Russian President Dmitri Medvedev, with whom our President Obama chowed down at Ray’s Hell Burger recently, told a news conference last May that “cooperation on atomic energy [between Russia and Syria] could get a second wind.”
Syria is widely viewed as a client state of Iran, whose own nuclear ambitions have the world—even the normally impotent UN—so alarmed.
Syria is a state-sponsor of terrorism.
But here is Gen. Jones conferring almost daily with Sergei Phikhodko, calling him in his Kremlin office.
During World War II, Prime Minister Winston Churchill visited Josef Stalin in the Kremlin. Stalin was rude, even abusive. He told Churchill that if the British fought the Germans harder, they wouldn’t be so afraid of them.
Churchill was outraged. He went back to the British Embassy at night, where he dictated a cable to London, telling his Deputy Prime Minister everything that had happened. Churchill’s private secretary, Patrick Kinna, later recalled a British Embassy official telling Churchill: “Prime Minister: I must warn you that everything you say is being recorded by the Soviets. Everything. Even here in the Embassy.”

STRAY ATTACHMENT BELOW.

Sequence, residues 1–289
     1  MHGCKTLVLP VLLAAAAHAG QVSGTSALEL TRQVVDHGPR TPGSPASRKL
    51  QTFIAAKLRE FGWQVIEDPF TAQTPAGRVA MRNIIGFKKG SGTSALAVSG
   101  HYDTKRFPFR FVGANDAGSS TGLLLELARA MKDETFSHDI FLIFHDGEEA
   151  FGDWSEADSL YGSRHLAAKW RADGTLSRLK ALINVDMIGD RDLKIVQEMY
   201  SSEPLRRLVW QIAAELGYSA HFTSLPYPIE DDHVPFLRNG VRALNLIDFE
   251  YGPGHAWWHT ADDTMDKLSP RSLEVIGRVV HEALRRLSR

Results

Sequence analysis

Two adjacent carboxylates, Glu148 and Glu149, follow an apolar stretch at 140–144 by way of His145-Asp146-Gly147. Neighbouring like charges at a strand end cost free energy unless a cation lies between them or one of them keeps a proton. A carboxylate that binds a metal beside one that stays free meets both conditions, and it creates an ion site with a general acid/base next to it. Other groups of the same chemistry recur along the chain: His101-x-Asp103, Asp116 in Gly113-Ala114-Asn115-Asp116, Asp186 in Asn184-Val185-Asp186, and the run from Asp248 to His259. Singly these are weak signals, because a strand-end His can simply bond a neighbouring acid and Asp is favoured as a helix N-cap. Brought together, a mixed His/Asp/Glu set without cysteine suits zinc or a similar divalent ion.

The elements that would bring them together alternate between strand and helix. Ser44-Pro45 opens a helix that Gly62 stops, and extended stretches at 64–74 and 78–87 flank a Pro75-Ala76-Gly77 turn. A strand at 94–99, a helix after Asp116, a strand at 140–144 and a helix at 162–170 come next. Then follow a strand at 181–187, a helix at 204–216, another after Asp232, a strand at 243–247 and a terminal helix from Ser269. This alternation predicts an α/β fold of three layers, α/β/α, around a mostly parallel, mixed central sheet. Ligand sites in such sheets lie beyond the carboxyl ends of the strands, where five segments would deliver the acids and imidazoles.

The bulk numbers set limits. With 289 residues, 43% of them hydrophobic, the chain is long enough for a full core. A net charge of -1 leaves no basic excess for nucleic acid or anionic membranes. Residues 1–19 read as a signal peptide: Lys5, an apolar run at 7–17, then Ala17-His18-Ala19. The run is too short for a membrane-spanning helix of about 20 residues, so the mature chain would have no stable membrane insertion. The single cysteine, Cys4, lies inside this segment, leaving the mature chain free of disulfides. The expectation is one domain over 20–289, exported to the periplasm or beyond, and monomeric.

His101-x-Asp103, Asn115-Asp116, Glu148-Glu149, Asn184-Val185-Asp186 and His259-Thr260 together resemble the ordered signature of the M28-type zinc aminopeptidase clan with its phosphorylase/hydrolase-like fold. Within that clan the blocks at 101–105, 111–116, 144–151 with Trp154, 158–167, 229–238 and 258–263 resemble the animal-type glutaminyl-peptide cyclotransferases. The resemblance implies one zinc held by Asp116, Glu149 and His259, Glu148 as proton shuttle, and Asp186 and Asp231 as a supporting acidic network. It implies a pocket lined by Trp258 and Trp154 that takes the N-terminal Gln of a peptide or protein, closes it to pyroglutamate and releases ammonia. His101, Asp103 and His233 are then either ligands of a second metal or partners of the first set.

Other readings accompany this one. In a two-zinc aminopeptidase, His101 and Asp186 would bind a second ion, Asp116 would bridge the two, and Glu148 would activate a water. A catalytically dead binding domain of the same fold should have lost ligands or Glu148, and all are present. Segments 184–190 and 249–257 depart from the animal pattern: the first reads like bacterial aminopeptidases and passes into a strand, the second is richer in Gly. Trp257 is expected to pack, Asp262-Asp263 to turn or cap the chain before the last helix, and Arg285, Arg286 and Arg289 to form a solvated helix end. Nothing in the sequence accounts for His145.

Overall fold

Instead of being quiet or more circumspect, Churchill raised his voice, telling London that if Stalin’s abuse continued, he would be forced to break off negotiations and head back home. The uneasy alliance between the Communists and the West would be in jeopardy.
The next day, Stalin was quiet, polite, almost cooperative.
Everything that Gen. Jones says to Prikhodko is being recorded. Everything. And everything he says is being checked by Russian Premier Vladimir Putin, the grim gray eminence in the Kremlin, against what his spies in the U.S. are telling him.
Gen. Jones, the Post informs us, is a light sleeper. Reading how closely he is working with his “opposite number”—as he calls Prikhodko—is enough to cause all of us to lose sleep.
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